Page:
In July 1997, during the dawn of the Asian Financial Crisis, the Malaysian ringgit was heavily traded by speculators. The overnight rate jumped from under 8 percent to over 40 percent. This led to rating downgrades and a broad selloff of its stock and currency markets.
By the end of 1997, Malaysia’s ratings had fallen many notches from investment grade to junk, the Kuala Lumpur Stock Exchange (KLSE) had plunged over 50 percent from above 1,200 to under 600, and the ringgit had lost 50 percent of its value, falling from above 2.50 to under 4.57 to the dollar on January 23, 1998.
At the time, Mahathir bin Mohammad, Prime Minister of Malaysia from July 1981 to October 2003, imposed strict capital controls and introduced a currency peg of 3.80 against the U.S. dollar.
Mahathir blamed foreign investors, particularly George Soros, for the demise of the ringgit and for the Asian Financial Crisis.
According to Mahathir, Soros — as the hedge fund chief of Quantum — may have been partially responsible for the economic crash in 1997 of East Asian markets when Thailand relinquished its currency peg to the U.S. dollar.
According to Mahathir, in the three years leading up to the crash, Soros invested in short-term speculative investment in East Asian stock markets and real estate, then divested with “indecent haste” at the first signs of currency devaluations. Soros responded, saying that Mahathir was using him “as a scapegoat for his own mistakes”, that Mahathir’s promises to ban currency trading (which Malaysian finance officials hastily retracted) were “a recipe for disaster” and that Mahathir “is a menace to his own country”.
The two continued to traded angry barbs against each other in various newspapers and broadcast interviews over the next nine years.
Fast forward to present-day and Malaysia’s Ringgit is at the lowest level since 1998, and its foreign-exchange reserves have tumbled 17 percent this year to $96.7 billion as of the end of July, which is the first time its reserves have fallen under $100 billion since 2010.
The ringgit has fallen in each of the last eight weeks, dropping 3.8 percent against the dollar last week, and slid to a 17-year low of 4.1225 per dollar on Friday.
Malaysia’s currency has fallen nearly 14 percent so far this year and has led losses in Asia over the past year with a 22 percent plunge as it has been battered by a political scandal, a devaluation of the Chinese yuan, falling oil prices, in addition to a likely hike in U.S. interest rates by the Fed.
The exchange traded fund (ETF) that tracks Malaysian equities, the iShares MSCI Malaysia Index Fund ETF has tumbled 23 percent this year and has plunged over 35 percent over the past 12 months.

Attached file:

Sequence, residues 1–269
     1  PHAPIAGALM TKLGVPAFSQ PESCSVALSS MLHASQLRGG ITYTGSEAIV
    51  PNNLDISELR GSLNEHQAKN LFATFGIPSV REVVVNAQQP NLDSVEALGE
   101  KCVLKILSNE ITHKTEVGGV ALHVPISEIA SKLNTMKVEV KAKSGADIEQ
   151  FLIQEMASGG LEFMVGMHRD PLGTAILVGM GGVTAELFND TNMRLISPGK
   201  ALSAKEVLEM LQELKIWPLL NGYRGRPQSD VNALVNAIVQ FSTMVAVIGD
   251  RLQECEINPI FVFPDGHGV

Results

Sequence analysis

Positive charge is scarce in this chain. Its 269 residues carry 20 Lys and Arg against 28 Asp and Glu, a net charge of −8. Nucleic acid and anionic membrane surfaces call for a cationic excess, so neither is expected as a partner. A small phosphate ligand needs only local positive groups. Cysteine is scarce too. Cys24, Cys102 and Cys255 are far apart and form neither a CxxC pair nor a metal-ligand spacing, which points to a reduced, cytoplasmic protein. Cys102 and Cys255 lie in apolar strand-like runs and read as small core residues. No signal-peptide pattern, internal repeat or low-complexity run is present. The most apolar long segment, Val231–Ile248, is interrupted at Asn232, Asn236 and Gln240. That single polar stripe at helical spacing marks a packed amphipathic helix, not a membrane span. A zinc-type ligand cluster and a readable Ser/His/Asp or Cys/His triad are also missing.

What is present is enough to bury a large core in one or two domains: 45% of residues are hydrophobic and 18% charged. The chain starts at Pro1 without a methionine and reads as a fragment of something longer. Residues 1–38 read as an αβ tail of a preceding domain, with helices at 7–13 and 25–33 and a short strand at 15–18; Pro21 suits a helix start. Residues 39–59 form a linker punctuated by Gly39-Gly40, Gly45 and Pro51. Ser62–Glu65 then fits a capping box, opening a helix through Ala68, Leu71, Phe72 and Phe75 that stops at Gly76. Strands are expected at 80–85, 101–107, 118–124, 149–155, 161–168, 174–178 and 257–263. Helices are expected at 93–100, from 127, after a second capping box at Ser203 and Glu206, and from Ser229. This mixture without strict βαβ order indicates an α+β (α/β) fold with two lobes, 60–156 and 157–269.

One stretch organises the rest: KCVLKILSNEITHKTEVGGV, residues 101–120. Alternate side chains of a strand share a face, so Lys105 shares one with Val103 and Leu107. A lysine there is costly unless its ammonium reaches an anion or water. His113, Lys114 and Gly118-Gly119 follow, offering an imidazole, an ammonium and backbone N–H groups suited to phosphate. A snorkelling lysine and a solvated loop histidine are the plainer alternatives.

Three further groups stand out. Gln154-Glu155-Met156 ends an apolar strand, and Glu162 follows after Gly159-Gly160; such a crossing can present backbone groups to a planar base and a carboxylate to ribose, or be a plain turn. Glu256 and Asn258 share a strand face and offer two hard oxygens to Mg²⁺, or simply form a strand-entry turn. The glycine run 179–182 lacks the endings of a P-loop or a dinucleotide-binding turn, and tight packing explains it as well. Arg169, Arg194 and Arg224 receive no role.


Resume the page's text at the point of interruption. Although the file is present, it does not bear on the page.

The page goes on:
Investors are saying that the risk of such a repeat that we saw in 1997 is fueling an exodus of money from Malaysia.
That being said, could Malaysia take a page out of its playbook from the 1997 Asian Financial Crisis and impose such measures today?
There is a “fear in the market that they would impose macro-prudential measures to limit outflows,” Anthony Chan, Asian sovereign strategist at AllianceBernstein, told Bloomberg in an interview on Friday.
“The fallout is reviving memories of hedge-fund attacks in the 1997-1998 crisis,” Chua Hak Bin, an economist at Bank of America Merrill Lynch in Singapore, told Bloomberg in an interview on Friday. “We don’t think capital controls are likely, but cannot rule out the risk given the rapid depletion of foreign reserves.”
“There are similarities to the 1997-1998 crisis,” Gerald Ambrose, Managing Director of Aberdeen Asset Management in Kuala Lumpur, told Bloomberg in an interview. “There’s a certain amount of emotions involved, a certain amount of panic but I think not so much from the equity market. The real worry is Malaysian government securities, where foreign ownership levels are much higher.”
China’s decision to devalue its currency has sparked fears of a global currency war as U.S. lawmakers said that Beijing was unfairly supporting its exporters. The decision will also set the stage for what will likely be testy talks when Chinese President Xi Jinping visits Washington next month.
But as China continued to devalue its currency for a third straight day last Thursday, fears continued to grow that other regional Central Banks could follow suit with their own currency devaluations, as such countries are attempting to maintain their own competitiveness against China.
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“It was inevitable that China would join the currency war at some point. The key will be the response of other central banks,” Nick Lawson, Managing Director at Deutsche Bank in London, told Reuters.
And as such concerns grew, Vietnam became the first to follow in China’s footsteps as it widened its currency trading band last Wednesday to allow for its currency to weaken.
Vietnam’s currency can now trade as much as 2 percent on either side of a fixing set by the monetary authority, from 1 percent previously.
Malaysia’s Central Bank Governor Zeti Akhtar said last Thursday that although foreign-exchange reserves need to be replenished, Malaysia is not planning to introducing a currency peg or capital controls.
“I think there is a concerted effort to test Bank Negara Malaysia’s reserves,” Mixo Das, an equities strategist at Nomura Holdings, told Bloomberg. “Sentiment is bad, which is why the central bank needs to break the cycle.”
For Malaysia, the pressure is mounting as Prime Minister Najib Razak faces a probe of fund transfers into his personal bank accounts, alongside a depletion of reserves, falling oil prices, growth and devaluation concerns in China, and a likely Fed rate hike on the horizon.
As a perfect storm brews in Malaysia — could we be upon an Asian Financial Crisis Redux?
One thing is for sure — a growing number of investors are not sticking around to find out.